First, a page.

new UN report by Indigenous Peoples outlines how indigenous knowledge can support the first Food Systems Summit, to be held later this year.
It emphasises the inherent sustainability and resilience of indigenous food systems which should be put to work in developing solutions in the wider food system.
The White/Wiphala Paper on Indigenous Peoples’ food systems makes recommendations across each Action Track of the Food Systems Summit.
It says the lack of recognition by governments of the Indigenous Peoples’ has to be resolved.
Also, that it is fundamental to end displacement, expansion of the agriculture frontier on ecosystems, and pollution and destruction of the environment undertaken by the private sector, often under state-run concession systems.
It says security of access by Indigenous Peoples to their lands and territories must be increased.
The recommendations include a reminder that Indigenous Peoples’ are the custodians for a significant proportion of the world’s important genetic resources. Their territories encompass dynamic biocultural spaces that allow those resources to continue to evolve and adapt further to ongoing climate variability and other challenges.
“80 per cent of the world’s biodiversity is in Indigenous Peoples’ lands and territories”
They suggest incorporating Indigenous Peoples’ perspectives in preventing and monitoring food security shocks. And engaging indigenous leaders in policy discussions about access to safe and nutritious foods.
In his forward, Gam A. Shimray, Secretary General, Asia Indigenous Peoples Pact writes, “Scientists are telling us that 80 per cent of the remaining world’s biodiversity is in our lands and territories.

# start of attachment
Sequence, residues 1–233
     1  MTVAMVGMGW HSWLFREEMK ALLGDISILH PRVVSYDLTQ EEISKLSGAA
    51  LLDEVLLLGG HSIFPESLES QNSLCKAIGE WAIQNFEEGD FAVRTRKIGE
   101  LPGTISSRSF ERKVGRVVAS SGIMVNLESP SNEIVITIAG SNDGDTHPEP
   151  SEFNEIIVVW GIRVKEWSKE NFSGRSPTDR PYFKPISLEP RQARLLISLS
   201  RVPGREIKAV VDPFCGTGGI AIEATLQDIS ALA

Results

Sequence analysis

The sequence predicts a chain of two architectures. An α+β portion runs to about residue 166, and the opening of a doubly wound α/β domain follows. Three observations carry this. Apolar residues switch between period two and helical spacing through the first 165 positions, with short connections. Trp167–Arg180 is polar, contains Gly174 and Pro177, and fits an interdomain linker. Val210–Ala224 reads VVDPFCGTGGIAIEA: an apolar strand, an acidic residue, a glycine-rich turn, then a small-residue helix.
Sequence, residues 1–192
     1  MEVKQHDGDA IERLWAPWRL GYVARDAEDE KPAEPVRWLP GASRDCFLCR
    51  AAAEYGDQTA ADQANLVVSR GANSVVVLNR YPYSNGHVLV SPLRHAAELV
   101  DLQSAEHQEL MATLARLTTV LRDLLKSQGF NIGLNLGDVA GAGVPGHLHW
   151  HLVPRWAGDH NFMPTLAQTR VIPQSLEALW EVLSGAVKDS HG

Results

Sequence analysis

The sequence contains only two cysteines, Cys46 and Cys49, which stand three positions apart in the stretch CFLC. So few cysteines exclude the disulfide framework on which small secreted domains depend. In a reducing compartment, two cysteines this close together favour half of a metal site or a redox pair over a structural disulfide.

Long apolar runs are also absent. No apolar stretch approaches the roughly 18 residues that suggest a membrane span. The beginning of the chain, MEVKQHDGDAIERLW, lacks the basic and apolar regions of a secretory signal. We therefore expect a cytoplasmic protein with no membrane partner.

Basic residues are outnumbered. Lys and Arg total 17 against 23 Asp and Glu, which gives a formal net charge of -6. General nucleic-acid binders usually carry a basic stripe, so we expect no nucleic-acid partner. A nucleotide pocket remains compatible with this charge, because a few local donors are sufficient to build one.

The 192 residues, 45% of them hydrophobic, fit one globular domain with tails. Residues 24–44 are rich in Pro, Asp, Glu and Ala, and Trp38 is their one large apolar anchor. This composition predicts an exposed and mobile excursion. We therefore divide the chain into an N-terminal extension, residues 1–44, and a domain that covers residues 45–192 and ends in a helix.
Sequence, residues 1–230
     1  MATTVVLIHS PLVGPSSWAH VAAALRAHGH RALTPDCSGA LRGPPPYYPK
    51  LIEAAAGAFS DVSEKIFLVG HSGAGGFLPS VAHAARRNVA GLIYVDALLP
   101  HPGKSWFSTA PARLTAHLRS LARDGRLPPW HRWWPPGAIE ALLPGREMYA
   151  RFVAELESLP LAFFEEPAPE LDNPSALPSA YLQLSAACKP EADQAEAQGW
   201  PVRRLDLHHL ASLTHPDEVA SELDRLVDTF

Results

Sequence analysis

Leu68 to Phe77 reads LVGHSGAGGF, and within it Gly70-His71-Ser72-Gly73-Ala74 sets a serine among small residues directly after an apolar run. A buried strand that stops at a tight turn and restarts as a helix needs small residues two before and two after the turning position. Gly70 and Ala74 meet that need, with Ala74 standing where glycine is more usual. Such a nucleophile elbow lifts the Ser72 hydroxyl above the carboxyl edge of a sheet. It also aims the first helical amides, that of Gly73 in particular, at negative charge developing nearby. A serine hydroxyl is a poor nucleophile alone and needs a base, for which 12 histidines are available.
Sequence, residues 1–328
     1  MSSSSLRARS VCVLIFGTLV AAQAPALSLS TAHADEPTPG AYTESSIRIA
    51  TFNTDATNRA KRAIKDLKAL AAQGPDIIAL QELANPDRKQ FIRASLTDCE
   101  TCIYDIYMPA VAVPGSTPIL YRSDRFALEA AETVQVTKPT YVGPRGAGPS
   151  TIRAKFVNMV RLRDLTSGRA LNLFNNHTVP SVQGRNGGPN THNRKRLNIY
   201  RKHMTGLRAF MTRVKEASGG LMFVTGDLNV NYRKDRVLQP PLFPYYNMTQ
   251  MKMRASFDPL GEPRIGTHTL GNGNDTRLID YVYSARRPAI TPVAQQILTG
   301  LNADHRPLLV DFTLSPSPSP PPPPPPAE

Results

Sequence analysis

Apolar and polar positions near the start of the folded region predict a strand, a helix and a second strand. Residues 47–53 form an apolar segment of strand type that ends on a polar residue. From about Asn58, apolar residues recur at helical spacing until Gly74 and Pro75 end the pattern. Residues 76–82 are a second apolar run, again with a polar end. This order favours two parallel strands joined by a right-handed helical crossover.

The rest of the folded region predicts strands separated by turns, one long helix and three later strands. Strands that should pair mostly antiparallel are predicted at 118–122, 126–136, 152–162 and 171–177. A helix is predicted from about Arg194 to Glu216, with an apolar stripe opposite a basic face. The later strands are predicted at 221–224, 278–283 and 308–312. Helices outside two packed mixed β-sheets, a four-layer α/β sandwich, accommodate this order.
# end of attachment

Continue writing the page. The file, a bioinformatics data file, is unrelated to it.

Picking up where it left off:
“Our ancestors did not know about biodiversity, ecology, ecosystem services or CO2 trapping, but they knew that protecting the ecosystems, environment and biodiversity were essential for our wellbeing and sustainability.
“Our elders, mothers and fathers taught us this as a way to exhibit good behaviour in the community.
“Today, everyone is talking about turning the world food systems into sustainable and resilient systems. But most of our food systems have always been resilient and sustainable for time immemorial because they were based on the objective of ensuring sustenance, including for future generations.
“The result is that more than 476 million Indigenous Peoples, living in more than 90 countries across the world in seven sociocultural regions, have developed unique territorial management practices that manage to generate food whilst preserving biodiversity.
“We strongly believe that our food systems could crucially contribute to the upcoming United Nations Food Systems Summit discussion.
“We also see the summit as an opportunity to acknowledge the importance of protecting our territorial management, knowledge, governance, value systems, spirituality and collective rights, which is the basis for enhancing and promoting Indigenous Peoples’ food systems.”
The report will be published as a technical paper by the Food Systems Summit.